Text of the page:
National Center for Youth Law

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L.A. County and the National Center for Youth Law Jointly Release New Report Highlighting the County’s Efforts to Address the Commercial Sexual Exploitation of Children and Youth

November 23, 2020


Patty Guinto,

L.A. County and the National Center for Youth Law Jointly Release New Report Highlighting the County’s Efforts to Address the Commercial Sexual Exploitation of Children and Youth

Today, Los Angeles County, in partnership with the National Center for Youth Law, is proud to release a new report, “Building Bridges: How Los Angeles County Came Together to Support Children and Youth Impacted by Commercial Sexual Exploitation.” The goal of this report is to reflect on Los Angeles County’s work over the past 10 years to support youth who have experienced commercial sexual exploitation (CSE), to highlight innovative programs and practices Los Angeles County has developed, to share lessons learned with other jurisdictions across the country, and to celebrate the individuals who have made these tremendous improvements possible. The report recognizes the County’s efforts to center and amplify the voices of survivors in the development of County policies and practices and highlights the County’s expansive efforts to educate the masses, respond to legislative changes, foster multidisciplinary collaboration, design innovative protocols, support youth through education and empowerment, address the specialized housing needs of youth who have experienced CSE, and much more.

Over the past decade, Los Angeles County has become a national leader in its efforts to combat the commercial sexual exploitation of children and youth. Since 2010, the County has led initiatives to prevent youth from being commercially sexually exploited, proactively identify youth who have experienced commercial sexual exploitation, connect youth with intensive, specialized services, and implement dynamic education campaigns and widespread training initiatives. Through creativity, collaboration, and commitment–together with County agencies and leaders–Los Angeles County has taken steps to ensure children are not criminalized for their exploitation, but instead empowered with the support and services they need to meet their goals, heal, and thrive.

“Over our nearly decade-long partnership with the County, we have been fortunate to partner with the folks working directly with kids who have experienced exploitation, the leaders of local government, and a group of survivor leaders. Because of their tenacity, creativity, courage, and fortitude, Los Angeles has emerged as a true leader in the movement to address commercial sexual exploitation,” says Kate Walker Brown, Director of the National Center for Youth Law’s Collaborative Responses to Commercial Sexual Exploitation Initiative. “And the changes in Los Angeles have not only improved responses for youth here but have and will continue to make an impact far beyond our county borders.”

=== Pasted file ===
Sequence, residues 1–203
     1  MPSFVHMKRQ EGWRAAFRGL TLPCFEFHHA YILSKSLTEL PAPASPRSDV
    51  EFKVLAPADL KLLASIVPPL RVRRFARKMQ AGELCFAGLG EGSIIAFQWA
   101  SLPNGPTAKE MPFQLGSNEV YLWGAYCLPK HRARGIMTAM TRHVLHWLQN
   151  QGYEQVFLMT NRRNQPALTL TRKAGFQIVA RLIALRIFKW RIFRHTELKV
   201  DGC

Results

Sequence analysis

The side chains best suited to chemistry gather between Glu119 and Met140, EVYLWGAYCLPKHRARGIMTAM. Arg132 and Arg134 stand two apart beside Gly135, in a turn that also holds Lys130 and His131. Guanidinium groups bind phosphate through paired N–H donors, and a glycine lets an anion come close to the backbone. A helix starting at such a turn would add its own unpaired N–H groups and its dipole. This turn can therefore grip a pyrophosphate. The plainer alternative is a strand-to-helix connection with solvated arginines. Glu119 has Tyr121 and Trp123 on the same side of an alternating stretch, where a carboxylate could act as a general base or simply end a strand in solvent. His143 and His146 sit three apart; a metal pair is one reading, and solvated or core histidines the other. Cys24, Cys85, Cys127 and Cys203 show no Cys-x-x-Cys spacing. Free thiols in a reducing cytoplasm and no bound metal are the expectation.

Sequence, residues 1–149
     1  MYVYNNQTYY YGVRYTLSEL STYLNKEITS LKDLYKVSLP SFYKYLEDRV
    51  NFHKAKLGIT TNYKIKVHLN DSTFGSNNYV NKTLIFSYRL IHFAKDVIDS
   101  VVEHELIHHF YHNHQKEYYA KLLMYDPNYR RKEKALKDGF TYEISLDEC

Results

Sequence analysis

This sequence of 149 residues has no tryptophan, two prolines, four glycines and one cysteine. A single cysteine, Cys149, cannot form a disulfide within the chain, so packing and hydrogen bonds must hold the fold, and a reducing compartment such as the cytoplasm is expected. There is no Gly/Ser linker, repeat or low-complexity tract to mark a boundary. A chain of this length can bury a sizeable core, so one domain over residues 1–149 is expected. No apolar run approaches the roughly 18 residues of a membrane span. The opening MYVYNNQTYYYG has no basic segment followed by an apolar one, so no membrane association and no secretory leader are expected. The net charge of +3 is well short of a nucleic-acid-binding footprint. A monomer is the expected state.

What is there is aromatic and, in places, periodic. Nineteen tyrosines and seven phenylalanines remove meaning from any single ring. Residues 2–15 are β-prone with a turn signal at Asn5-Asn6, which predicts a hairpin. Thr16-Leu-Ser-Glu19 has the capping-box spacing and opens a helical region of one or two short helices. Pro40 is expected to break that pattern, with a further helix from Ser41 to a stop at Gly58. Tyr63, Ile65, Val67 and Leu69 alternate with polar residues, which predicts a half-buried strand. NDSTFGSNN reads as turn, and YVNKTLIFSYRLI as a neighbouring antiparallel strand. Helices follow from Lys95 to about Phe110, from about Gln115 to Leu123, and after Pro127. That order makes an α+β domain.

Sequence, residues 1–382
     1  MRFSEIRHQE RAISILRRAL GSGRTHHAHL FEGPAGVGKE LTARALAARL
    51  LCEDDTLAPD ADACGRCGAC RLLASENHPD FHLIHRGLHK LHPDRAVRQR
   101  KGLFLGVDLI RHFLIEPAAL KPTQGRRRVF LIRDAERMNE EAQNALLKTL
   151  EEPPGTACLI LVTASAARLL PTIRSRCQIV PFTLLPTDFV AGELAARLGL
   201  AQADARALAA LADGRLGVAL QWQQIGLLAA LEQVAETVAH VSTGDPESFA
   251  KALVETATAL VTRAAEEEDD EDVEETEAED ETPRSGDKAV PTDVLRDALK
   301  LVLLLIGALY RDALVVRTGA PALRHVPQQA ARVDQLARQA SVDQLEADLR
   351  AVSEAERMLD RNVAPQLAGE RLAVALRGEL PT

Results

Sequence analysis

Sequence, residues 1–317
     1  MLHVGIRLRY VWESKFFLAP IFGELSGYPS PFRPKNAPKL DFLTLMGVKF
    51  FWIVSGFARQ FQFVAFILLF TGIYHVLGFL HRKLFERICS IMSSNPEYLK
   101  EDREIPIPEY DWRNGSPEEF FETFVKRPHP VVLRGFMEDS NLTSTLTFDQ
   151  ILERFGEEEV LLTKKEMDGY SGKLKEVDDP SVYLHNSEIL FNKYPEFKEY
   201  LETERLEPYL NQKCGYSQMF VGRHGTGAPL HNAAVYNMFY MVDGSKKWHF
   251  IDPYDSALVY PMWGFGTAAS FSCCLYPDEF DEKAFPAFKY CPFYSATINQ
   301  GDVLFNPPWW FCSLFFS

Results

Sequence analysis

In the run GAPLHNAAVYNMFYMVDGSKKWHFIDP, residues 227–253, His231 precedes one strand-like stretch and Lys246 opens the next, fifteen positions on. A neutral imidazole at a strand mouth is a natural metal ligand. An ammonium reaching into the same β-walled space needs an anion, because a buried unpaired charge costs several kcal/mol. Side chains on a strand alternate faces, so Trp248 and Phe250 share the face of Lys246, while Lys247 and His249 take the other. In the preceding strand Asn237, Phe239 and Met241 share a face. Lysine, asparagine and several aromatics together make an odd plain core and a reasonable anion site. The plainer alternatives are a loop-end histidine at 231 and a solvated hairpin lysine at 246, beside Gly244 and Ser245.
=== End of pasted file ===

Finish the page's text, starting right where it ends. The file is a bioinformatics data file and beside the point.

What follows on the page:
And while Los Angeles County has made significant progress, it remains committed to tackling the work that remains. The County will continue to fight to make clear that our children are not for sale.

“Throughout Los Angeles County, there are hundreds of victims of commercial sex trafficking who fall prey to a vicious cycle of abuse and harm,” said Supervisor Kathryn Barger. “We must do more to protect these youth who are often the most vulnerable in our communities – especially those who are homeless, in the child welfare system, in juvenile justice facilities, or in personal crisis. This report and the work it highlights is another testament to the dedication and commitment of this County to address sex trafficking and support our young victims.”

“I thank the National Center for Youth Law for their longstanding partnership with Los Angeles County,” said Supervisor Hilda L. Solis. “There is no duty more urgent than improving the lives of children and youth by creating communities free from commercial sexual exploitation. This new report exemplifies what it means to carry out that goal in partnership with survivors, advocates, and community to realize a world where youth can thrive.”

“I am proud of the work that our County departments, government partners, legal and community advocates, and survivors themselves have done to dismantle and eradicate the violent and repugnant crime of the commercial sexual exploitation of children and youth,” said Supervisor Mark Ridley-Thomas. “It is my hope that this comprehensive and timely compendium will provide a blueprint that other jurisdictions can use to move away from the criminalization of youth and toward a care-first, trauma-informed approach.”

“Over the last few years, more than 500 sexually exploited children have been recovered through collaborative efforts in LA County,” said Supervisor Sheila Kuehl. “This latest report from the County addressing the commercial sexual exploitation of young people lifts up the testimony of survivors and also makes clear how urgently needed these efforts are. Our mantra remains the same: There is no such thing as a child prostitute.”

“Los Angeles County has come a long way in its efforts to protect children from the abuse and trauma of sexual exploitation,” said Supervisor Janice Hahn. “We have been able to improve our intervention strategies and identify the groups of young people who are disproportionally targeted, including members of the LGBTQ+ community. This report sheds light on the courageous work being done throughout our County and the impact this progress has had on victims and survivors.”

To read the full report, click here.